On Monday, the Federal Government of Nigeria made a commitment to strengthen the country’s ties with the Government of Japan in order to boost the country’s economic growth and development.
According to the Nigerian News Agency (NAN), this was mentioned by Senator Abubakar Bagudu, Nigeria’s Minister of Budget and Economic Planning, when he met with the Japanese Ambassador to Nigeria, Matsunaga Kazuyoshi, in his Abuja office.
Bagudu stated that agriculture, trade, investment, technical aids, and grants are all areas in which Nigeria and Japan have worked together for some time.
It has come to my attention that trade between the two countries is highly intertwined, with Japan purchasing agricultural and petrochemical items from Nigeria and Nigeria purchasing automotive, information technology, service, and other industrial commodities from Japan.
The annual value of trade between the two nations is roughly $1 billion.
A Nigeria-Japan Business Forum was held in Tokyo from January 23-27, 2023, with the goal of “deepening existing cordial relations and expanding its frontiers to the private sector.” This forum was organized by the Embassy of the Federal Republic of Nigeria in Japan in conjunction with relevant Agencies.
Bagudu stated that “Harnessing of Cross-Border Technological Advancement as a Catalyst for Achieving Sustainable Economic Development in Nigeria” was the theme of the forum.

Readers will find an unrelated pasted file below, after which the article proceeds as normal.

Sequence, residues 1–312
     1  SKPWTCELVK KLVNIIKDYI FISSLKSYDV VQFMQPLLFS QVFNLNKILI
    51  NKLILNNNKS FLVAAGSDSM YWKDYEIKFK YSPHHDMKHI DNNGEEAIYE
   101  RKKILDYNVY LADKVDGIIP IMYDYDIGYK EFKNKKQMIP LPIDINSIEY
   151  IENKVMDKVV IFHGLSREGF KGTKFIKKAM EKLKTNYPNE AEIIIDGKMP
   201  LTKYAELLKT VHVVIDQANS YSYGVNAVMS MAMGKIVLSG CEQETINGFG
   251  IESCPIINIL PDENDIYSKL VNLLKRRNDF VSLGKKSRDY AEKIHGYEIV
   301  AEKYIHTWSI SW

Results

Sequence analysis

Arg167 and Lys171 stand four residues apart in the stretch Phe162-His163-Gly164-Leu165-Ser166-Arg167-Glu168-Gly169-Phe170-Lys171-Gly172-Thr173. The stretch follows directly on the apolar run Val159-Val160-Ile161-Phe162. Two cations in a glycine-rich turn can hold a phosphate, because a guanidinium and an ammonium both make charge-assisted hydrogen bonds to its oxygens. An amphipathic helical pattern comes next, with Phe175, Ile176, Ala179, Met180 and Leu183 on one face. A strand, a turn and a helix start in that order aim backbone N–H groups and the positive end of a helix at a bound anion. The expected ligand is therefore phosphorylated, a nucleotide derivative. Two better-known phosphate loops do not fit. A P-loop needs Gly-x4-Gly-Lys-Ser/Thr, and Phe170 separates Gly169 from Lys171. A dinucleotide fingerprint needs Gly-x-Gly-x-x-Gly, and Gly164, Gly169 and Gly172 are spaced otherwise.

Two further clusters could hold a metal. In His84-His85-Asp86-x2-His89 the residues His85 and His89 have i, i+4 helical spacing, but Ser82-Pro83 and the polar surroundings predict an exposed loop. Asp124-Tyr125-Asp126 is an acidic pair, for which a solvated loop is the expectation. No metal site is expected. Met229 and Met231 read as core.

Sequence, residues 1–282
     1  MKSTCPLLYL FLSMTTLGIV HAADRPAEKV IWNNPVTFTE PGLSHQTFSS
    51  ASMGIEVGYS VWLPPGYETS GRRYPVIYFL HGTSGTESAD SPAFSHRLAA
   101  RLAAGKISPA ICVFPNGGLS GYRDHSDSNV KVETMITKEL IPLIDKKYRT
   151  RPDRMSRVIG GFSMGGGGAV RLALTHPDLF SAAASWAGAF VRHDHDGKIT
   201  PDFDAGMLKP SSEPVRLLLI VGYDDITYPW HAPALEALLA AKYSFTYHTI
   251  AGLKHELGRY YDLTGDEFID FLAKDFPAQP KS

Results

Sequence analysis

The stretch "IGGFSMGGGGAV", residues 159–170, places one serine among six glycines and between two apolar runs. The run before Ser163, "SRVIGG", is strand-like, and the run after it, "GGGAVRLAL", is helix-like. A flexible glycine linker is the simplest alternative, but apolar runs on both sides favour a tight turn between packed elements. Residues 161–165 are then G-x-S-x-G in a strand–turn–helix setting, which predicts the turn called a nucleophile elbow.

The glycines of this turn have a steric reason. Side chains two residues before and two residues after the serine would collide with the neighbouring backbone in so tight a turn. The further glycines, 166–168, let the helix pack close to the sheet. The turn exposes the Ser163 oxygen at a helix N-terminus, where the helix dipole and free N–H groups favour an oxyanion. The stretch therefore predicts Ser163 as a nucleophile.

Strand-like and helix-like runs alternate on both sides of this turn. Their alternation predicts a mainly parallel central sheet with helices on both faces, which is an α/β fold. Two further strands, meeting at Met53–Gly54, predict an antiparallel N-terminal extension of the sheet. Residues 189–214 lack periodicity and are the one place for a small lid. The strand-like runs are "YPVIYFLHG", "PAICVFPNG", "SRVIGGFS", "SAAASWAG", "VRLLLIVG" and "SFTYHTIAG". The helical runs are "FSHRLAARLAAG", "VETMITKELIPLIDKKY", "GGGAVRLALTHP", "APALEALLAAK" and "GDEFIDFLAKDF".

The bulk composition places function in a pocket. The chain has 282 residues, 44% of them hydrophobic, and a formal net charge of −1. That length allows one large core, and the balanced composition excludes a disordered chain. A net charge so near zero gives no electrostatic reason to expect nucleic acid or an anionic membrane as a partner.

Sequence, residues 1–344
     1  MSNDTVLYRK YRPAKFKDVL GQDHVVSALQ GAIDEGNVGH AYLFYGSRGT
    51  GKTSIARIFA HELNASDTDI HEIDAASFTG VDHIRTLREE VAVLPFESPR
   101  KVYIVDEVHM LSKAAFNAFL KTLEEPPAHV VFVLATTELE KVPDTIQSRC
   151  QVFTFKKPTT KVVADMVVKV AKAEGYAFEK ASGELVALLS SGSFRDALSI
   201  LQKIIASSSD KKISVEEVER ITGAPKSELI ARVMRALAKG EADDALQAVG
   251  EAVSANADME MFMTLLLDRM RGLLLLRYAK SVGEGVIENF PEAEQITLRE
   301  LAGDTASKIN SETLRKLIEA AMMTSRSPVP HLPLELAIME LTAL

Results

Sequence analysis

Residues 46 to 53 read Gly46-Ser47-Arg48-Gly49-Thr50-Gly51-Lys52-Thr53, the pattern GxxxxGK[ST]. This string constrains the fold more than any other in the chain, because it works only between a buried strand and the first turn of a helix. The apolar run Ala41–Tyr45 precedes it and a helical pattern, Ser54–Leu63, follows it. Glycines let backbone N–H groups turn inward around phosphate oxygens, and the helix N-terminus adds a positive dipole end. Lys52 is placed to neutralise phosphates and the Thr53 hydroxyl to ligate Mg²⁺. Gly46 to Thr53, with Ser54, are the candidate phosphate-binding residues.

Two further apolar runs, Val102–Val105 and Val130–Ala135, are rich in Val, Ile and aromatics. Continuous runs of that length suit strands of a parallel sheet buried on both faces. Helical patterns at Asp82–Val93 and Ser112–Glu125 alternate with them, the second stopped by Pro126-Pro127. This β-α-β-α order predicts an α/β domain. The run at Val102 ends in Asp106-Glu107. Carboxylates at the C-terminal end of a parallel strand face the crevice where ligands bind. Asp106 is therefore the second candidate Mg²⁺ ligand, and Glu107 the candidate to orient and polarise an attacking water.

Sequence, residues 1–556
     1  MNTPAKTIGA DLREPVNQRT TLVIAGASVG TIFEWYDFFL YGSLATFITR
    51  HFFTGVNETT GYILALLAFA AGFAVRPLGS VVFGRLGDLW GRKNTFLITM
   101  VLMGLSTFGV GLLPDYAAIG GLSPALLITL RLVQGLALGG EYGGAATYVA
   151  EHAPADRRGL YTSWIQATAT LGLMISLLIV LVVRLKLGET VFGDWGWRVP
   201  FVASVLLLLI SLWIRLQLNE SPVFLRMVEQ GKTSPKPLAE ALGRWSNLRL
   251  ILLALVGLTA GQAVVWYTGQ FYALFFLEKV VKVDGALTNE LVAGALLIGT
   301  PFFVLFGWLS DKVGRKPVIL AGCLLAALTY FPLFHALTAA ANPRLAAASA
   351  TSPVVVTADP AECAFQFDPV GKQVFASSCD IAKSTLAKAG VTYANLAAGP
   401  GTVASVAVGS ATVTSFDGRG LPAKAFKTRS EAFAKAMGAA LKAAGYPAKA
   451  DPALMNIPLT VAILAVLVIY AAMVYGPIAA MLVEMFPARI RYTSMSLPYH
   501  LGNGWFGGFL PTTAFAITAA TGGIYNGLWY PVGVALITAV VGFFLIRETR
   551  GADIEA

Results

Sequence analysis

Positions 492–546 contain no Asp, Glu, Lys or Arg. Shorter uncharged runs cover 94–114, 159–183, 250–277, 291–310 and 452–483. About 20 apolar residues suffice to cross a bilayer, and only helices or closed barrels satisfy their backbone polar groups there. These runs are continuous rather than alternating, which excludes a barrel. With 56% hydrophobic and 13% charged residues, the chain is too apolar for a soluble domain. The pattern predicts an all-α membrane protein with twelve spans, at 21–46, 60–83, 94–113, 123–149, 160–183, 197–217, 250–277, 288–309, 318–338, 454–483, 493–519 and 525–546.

He also said it demonstrated the boundless commercial potential between the two nations.
Opportunities in Nigeria’s digital economy, green and blue economy, and the full execution of the Petroleum Industry Act were all highlighted by the minister as areas where Japanese private investors might make a significant impact.
Industries such as large-scale mining, the arts, tourism, and hospitality are others.
Bagudu included investments in high-growth areas like agriculture and mining alongside standard infrastructure upgrades like new buildings and rehabilitated roads.
It will take an investment of N348.1 trillion (about $790.6 billion) to put the loan into action.
We anticipate that the private sector will contribute 85.7% of the necessary investment, with the government contributing 14.3%.
Bagudu said that “a strong partnership between the public and private sectors is, therefore, imperative” for achieving the desired results.
Kazuyoshi added that JICA’s mission in Nigeria was to help Nigerians live better lives by fostering high-quality, all-encompassing economic and social development.
According to Kazuyoshi, JICA has promised to keep providing aid to Japan.
“We have always stood by and thought together with Nigeria,” Kazuyoshi added. “Our partnership also supports Nigeria’s achievement of global goals such as the Sustainable Development Goals (SDGs).
He vowed to maintain his assistance, particularly in the growth of the private sector.